Type of relief print in which linoleum is used as the printing surface. Using gouges and knives, the artist cuts the design into linoleum, a man-made sheet flooring composed primarily of oxidized linseed oil and ground cork. Battleship linoleum, a variety c. 6 mm thick, is frequently recommended, as is Desk-top, a thinner sheet. With the advent of synthetic floorings, linoleum became less easily available. In the late 20th century it was no longer produced in the USA but was manufactured in Scotland and commonly sold only in artists’ shops. For printmaking, linoleum may be mounted on to plywood, to produce a block that can be printed mechanically. The linocut can also be printed in a simple screw or lever press or by hand, by rubbing the paper against the inked block with a spoon, rolling pin or baren (a slightly concave disc sheathed in bamboo), or by laying the inked linoleum on to the paper and hammering the back of the block. These hand-printing methods can also be used to print on to textiles, or the inked block can be turned on to fabric stretched on the floor and trodden on by the printer.
Either water- or oil-based inks are used, the former often preferred for their ease of cleaning. Waterfast inks are essential for textile printing. Any paper suitable for relief painting, damp or dry, can be used with linoleum blocks, depending on its texture and on the printing method. Type-high linoleum blocks can easily be printed with type and have been used in book illustration. Because sheet linoleum weighs relatively little and can be printed by hand, it has been used for exceptionally large printed images. Because linocuts are so easily printed by hand, they have been favoured by many artists who personally produce very small editions, although mechanically printed editions of as many as 25,000 are reported (Yeaton, p. 21). Since linoleum lends itself to broad effects, it is particularly adapted to multicolour printing, usually with a separate block for each colour. Linocut manuals commonly prescribe the offsetting of an impression of the key block, which establishes the composition, on to additional blocks in order to guarantee correct registration of colour areas. Likewise, in printing, a jig or other registration device is recommended to locate the paper precisely on each inked block.
Linocuts resemble woodcuts, although the softness and lack of grain of linoleum, which permit the artist to cut fluently in every direction, deprive cuts of the vigour and bias often seen in woodcuts. As fine networks of printing lines tend to crumble in linoleum, broader effects are usually sought. As the surface of linoleum is smooth, unless specially treated, it will not print with a texture that is visible in some woodcuts. The slickness of linoleum can produce a distinctive curdled effect in broadly inked areas, as seen in the Frog Queen (1905) by Erich Heckel; in this print linoleum’s lack of grain bias is evident in the perpendicular clusters of gouge strokes.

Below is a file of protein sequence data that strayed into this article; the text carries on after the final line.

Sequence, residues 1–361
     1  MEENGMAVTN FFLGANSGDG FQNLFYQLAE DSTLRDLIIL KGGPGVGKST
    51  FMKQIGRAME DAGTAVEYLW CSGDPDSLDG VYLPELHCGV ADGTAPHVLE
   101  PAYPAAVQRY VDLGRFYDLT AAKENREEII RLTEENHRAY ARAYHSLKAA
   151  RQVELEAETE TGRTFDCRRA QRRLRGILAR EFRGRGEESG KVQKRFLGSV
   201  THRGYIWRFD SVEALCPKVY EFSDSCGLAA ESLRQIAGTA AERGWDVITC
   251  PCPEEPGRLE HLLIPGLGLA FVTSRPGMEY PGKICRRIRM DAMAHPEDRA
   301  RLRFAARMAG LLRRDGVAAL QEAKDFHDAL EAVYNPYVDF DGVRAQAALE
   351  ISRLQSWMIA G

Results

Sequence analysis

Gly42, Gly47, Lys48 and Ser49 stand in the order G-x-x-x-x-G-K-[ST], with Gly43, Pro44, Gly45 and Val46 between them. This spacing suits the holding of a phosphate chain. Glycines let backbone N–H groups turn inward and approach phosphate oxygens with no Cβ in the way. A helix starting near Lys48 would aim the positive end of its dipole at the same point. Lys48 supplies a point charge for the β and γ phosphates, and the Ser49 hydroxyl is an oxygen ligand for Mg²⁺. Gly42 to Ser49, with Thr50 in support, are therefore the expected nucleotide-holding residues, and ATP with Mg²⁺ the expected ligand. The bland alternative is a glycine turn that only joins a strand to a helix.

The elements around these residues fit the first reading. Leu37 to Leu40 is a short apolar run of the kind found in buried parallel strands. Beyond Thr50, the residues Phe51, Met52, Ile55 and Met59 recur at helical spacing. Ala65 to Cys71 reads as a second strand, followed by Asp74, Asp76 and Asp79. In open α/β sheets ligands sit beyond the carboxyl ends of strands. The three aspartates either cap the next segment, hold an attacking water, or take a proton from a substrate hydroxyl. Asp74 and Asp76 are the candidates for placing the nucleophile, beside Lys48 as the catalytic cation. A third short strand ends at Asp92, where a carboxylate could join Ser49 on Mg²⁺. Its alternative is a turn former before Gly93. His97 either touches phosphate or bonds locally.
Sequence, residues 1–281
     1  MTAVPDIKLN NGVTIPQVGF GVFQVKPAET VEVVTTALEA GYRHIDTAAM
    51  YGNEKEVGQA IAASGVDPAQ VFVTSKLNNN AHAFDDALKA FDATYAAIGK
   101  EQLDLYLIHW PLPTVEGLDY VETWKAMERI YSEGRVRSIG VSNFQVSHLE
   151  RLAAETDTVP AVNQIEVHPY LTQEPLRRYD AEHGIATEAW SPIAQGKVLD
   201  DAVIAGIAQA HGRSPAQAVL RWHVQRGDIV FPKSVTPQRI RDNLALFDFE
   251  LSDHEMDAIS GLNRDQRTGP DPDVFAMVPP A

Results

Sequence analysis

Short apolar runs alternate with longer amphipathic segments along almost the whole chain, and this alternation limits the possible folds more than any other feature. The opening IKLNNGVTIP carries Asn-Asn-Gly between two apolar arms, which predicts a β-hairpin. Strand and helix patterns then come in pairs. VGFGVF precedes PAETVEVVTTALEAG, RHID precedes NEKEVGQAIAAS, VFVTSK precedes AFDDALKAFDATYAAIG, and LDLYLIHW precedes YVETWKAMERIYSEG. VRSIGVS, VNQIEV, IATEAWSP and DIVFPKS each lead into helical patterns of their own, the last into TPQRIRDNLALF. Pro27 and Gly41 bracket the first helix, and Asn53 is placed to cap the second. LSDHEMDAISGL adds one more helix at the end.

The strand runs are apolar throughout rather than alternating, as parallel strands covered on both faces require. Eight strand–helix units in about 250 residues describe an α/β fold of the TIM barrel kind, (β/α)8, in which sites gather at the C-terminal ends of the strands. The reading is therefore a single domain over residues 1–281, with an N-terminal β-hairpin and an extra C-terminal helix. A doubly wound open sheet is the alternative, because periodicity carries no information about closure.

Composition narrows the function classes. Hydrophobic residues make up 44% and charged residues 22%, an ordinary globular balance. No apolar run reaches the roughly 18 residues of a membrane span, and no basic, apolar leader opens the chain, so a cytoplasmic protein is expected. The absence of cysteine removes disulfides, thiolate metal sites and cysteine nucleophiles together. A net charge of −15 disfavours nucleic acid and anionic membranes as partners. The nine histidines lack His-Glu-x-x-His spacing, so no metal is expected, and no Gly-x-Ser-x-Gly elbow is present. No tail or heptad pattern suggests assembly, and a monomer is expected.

Although linoleum was invented in the early 1860s, it was first used for printing only in 1890 in Germany for the manufacture of wallpaper. By the early 20th century it had been popularized for artists’ prints, largely through the efforts of Franz Cižek, an Austrian artist and teacher who recognized the medium’s potential to instruct children in colour and design: it was cheap, easily worked with simple tools, adaptable to water-based inks, and versatile. Cižek toured Europe and North America with examples by his pupils and influenced art education worldwide. The earliest linocut by Heckel, the first major artist to adopt the medium, is dated 1903. He and the other artists of Die Brücke regularly used linocut through the next dozen years.
Such major artists as Henri Matisse and Pablo Picasso worked in linoleum. Matisse executed 70 linocuts between 1938 and 1952, in a fluent white-line technique, taking evident advantage of the smooth passage of the knife through the soft material. Picasso, after using linoleum for popular posters in the early 1950s, began a series of innovative colour linocuts in 1959. He developed a method of printing in different colours progressive states cut on a single block, so that the finished print comprises layered impressions of all the states.
Linocut gained particular favour in poorer cultures that were less inhibited by a tradition of fine printing. In revolutionary Russia important linocuts were produced by Luubov’ Popova c. 1918. In Canada in the 1920s and 1930s the linocut was more common than the woodcut. The most important British advocate of the linocut was Claude Flight (1881–1955), who taught linocut from 1925 at the Grosvenor School of Modern Art in London and emphasized its accessibility to the proletariat. This attitude was later demonstrated by such prints as Smokers (1982) by the Australian artist Richard Bosman (b 1944), which was printed by the artist and his wife in an edition of two rolls of paper towels. Prejudice grew up against linoleum block printing, as suitable only for children, amateurs and the uncultured. The linocut’s popularity also fell with the rise of commercial collaboration between printmaker and publisher, which encouraged more technically complex media.
M. B. Cohn
From Grove Art Online
© 2009 Oxford University Press